this is not a good choice for finger food.
Potato Leek Fondue Soup Well we've got canned potatoes and canned potato soup so it looks like Sandy is back! Since she's now shilling for Ore-Ida, wouldn't this have been a good opportunity to use their product and this recipe?
Sweet Potato Souffles Um, these are not souffles. They are sweet potatoes with marshmallow fluff on them just call it that and be done with it.
Cappuccino "Cup" Cakes Okay, I'm not a fan of Cool Whip or cake mix but, this would be good with some tweaking. Make up your own favorite yellow cake batter and leave off the Cool Whip and use fresh whipped cream or even Reddi-Whip. Why there is an emphasis on making pretty swirls in the batter when the top will be covered up with the Cool Whip or whipped cream?
Brown Butter Almond Brussels Sprouts I hate Brussels sprouts! Wasting butter and almonds on this recipe saddens me and using almond extract on Brussels Sprouts has me mystified.
Holiday Wreath Cupcakes
*Whimpers* Make it stop! So chocolate cupcakes and muffins are interchangeable? Canned icing? Crumpled aluminum foil? Fruit rollups?? How do you eat the darn thing without getting it all over yourself??
There's no room for the food after she got through with her tablescapin'. *confused*
I'm not very good at explaining my design so go grab a hand towel, lay it on the floor, put your feet on it about an inch from one of the short ends, and then fold up the end farthest away from you so it covers up the top of your feet. Got that? Now imagine that the towel is sectioned off into several sections and has rice inside with more rice on the part that is underneath your feet. The width is such that the sides will overlap when the pad is folded over the top of your feet but the sides will not be sewn together to create a pocket.
Be sure to insert your pad into a clean pillowcase to keep it clean as you would need to remove all the rice before you could wash it if something got on the rice pad. Anyway, just thought I'd share if anybody is trying to save on their heating bills and still keep their feet warm this winter.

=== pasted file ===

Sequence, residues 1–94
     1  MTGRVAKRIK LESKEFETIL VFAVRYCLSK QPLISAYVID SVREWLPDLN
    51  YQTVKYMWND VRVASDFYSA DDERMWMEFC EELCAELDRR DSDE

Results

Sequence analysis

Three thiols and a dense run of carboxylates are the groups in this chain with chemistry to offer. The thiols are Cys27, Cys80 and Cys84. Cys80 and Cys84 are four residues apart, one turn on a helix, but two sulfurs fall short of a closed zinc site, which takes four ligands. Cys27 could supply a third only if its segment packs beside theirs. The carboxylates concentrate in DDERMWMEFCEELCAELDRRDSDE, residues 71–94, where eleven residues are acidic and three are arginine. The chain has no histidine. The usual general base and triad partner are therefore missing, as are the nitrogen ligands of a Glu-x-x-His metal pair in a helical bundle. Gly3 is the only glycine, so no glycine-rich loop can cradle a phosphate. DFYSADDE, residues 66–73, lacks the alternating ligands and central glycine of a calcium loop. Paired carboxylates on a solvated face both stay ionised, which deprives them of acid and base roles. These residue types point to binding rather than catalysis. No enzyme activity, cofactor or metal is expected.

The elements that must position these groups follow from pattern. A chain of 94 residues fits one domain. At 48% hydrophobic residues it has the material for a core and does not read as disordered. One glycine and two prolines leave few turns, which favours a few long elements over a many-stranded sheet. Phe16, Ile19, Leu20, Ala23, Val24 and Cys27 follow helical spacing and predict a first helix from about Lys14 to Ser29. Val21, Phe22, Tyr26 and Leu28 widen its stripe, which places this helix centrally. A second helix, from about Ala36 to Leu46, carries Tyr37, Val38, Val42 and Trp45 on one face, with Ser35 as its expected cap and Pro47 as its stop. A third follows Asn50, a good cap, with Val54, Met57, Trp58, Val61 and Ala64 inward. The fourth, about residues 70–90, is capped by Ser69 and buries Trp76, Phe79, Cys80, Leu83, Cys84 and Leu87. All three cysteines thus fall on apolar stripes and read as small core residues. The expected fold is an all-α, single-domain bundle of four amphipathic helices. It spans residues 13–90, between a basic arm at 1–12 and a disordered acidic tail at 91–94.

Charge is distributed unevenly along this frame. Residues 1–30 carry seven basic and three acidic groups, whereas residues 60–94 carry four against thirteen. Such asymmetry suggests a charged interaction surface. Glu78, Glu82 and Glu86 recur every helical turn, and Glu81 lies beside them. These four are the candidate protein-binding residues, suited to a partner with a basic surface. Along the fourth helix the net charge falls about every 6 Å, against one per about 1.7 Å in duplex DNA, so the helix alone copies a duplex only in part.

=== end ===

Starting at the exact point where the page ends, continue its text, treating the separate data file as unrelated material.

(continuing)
Friday, December 19, 2008
I've always liked Clarice for not freaking out when she discovers that Rudolph is different from the other reindeer. She's so much wiser than the adults who go bonkers and tell him to wear that ridiculous fake nose so he will look just like everybody else.
Once again, I like the message that the so called "misfits" find homes where they are loved and accepted just as they are. I've always felt like a misfit myself so I choke up a little when I see this scene.
I haven't baked as much this Christmas as some of you have. I enjoy seeing the vast variety of goodies and honestly I've had a hard time picking only a few recipes to make. Earlier this week I made sugar cookies and buckeyes. Both recipes turned out great. I didn't have any colored sugar for the top of sugar cookies so mine are not as pretty as Rosie's but, they are tasty!!
Happy weekend everyone!
1 lb softened butter or margarine--- I always use butter.
1 cup vegetable oil--- I use extra light olive oil.
1 cup buttermilk-- I use powdered buttermilk and add the water in with the oil.
Unwrap the softened sticks of butter or margarine and place in a mixing bowl or your food processor. If using your mixer, begin beating the butter or margarine till it is fluffy and *slowly* add the buttermilk and oil. Continue beating until it is nice and smooth.
If using your food processor, place all of your ingredients in the work bowl.
Then add the lid and process until smooth. Scrape it out into the covered container of your choice and store in the refrigerator.
This will keep for about a month in the refrigerator. Use as you would any commercial butter or margarine spread that comes in a tub. I don't recommend baking with it as you will likely be disappointed with the results.
Wednesday, December 17, 2008
Monday, December 15, 2008
Mr. Hairball has requested that I make him some crusty bread that is good for dipping into olive oil. With that request in mind, I have put together the following menu:
Pasta with walnut sauce topped with skillet roasted chicken, salad, and cuban bread with seasoned olive oil for dipping
Nigella Lawson's Pasta with walnut sauce
6 ounces shelled walnuts
1/2 clove garlic, minced ( I add several more cloves)
1 slice bread, crusts removed
2/3 cup whole milk
1 ounce grated Parmesan, plus more for garnish
3 to 4 tablespoons olive oil (preferably Ligurian)
Salt and pepper
2 pounds any flat short pasta
1/2 cup chopped Italian parsley, for garnish
Put a large saucepan of water on to boil, and toast the walnuts in a dry frying pan until they begin to make a nutty aroma. Put the bread in a bowl and cover with the milk. Put most of the toasted walnuts (reserving about 1 ounce for garnish) into a blender along with the garlic, bread soaked in milk, and Parmesan. Blend until it turns smooth and creamy, then pour in the oil and season well with salt and pepper before blending again.